## 31.2 Hypotheses and notation: Assumption

For two-way tables of counts, the parameter is the population odds ratio. As usual, the null hypothesis is the ‘no difference, no change, no relationship’ position. So in this context:

• $$H_0$$: The population OR is one; or (equivalently):
The population odds are the same in each group.

This hypothesis proposes that the sample odds are not the same due to sampling variation. This is the initial assumption.

The alternative hypothesis is

• $$H_1$$: The population OR is not one; or (equivalently):
The population odds are not the same in each group.

The alternative hypothesis is always two-tailed for analysing two-way tables of counts.

For analysing two-way tables of counts, the alternative hypotheses are always two-tailed.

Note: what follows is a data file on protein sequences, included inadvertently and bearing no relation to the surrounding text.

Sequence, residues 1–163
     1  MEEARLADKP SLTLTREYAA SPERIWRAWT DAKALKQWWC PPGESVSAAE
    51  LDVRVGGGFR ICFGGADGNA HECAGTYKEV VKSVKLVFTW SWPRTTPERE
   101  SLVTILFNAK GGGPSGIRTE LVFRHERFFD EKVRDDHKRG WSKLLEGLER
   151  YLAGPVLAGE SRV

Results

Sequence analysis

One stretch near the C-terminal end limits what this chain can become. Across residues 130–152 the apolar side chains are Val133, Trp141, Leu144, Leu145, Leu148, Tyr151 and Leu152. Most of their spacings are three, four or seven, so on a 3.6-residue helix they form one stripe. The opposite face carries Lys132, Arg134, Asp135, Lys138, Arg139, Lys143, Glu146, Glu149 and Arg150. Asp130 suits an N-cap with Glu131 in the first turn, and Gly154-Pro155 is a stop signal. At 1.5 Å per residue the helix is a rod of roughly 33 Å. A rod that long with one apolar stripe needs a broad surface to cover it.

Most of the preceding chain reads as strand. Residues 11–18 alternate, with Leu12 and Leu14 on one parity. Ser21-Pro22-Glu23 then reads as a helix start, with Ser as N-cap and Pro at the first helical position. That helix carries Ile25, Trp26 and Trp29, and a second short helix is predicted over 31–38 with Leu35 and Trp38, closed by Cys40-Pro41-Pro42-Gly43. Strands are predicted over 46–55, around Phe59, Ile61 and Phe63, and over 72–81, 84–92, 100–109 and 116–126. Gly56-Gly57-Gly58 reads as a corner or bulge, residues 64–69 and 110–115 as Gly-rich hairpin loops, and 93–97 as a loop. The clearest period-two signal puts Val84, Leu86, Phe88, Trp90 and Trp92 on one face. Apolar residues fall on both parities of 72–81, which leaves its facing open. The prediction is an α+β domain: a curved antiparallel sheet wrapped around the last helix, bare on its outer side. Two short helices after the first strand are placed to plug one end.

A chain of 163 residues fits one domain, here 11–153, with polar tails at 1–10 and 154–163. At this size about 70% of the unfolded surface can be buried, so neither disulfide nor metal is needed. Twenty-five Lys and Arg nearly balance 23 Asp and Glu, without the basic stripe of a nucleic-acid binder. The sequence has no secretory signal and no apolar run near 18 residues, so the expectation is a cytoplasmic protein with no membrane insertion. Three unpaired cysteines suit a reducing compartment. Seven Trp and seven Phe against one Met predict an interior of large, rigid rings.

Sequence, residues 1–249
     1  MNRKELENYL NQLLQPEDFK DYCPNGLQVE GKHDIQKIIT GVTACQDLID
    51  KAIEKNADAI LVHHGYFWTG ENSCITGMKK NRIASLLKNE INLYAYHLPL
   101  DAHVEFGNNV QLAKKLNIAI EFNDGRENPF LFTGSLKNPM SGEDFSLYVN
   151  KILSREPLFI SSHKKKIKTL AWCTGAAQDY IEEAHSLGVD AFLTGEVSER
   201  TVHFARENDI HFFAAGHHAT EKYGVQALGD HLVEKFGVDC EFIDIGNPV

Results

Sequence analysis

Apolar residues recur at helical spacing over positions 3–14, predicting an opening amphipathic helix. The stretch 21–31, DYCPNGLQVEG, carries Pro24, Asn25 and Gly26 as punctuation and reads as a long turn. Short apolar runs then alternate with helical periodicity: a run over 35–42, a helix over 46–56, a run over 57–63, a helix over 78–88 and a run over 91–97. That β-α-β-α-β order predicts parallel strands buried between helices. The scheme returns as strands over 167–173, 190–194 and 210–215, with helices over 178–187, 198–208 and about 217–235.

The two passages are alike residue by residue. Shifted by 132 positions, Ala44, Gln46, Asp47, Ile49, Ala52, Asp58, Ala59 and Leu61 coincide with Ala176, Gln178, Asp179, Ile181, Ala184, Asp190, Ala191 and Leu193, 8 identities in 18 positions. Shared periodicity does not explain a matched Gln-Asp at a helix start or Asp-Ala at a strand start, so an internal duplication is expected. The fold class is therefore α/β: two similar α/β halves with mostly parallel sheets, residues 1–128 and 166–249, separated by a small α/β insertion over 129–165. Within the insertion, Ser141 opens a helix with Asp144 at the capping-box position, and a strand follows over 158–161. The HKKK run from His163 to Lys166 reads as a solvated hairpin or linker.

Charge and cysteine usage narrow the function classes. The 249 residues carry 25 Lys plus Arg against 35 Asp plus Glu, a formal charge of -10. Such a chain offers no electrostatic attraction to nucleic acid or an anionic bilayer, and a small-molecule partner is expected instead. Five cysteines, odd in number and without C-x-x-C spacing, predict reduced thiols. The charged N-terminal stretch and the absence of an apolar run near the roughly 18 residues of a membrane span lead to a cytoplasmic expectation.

The hypotheses can also be written in terms of differences in percentages (or proportions), though the software output is usually expressed in terms of odds. The hypotheses can also be written in terms of associations:

• $$H_0$$: In the population, there is no association between the two variables
• $$H_1$$: In the population, there is an association between the two variables
The RQ and hypothesis only needs to be given in one of these ways. The RQ and hypotheses should be consistent (for example, if the RQ is written in terms of odds, the hypotheses should be written in terms of odds).

As usual, following the decision-making process, start by assuming that the null hypothesis is true: that the population odds ratio is one.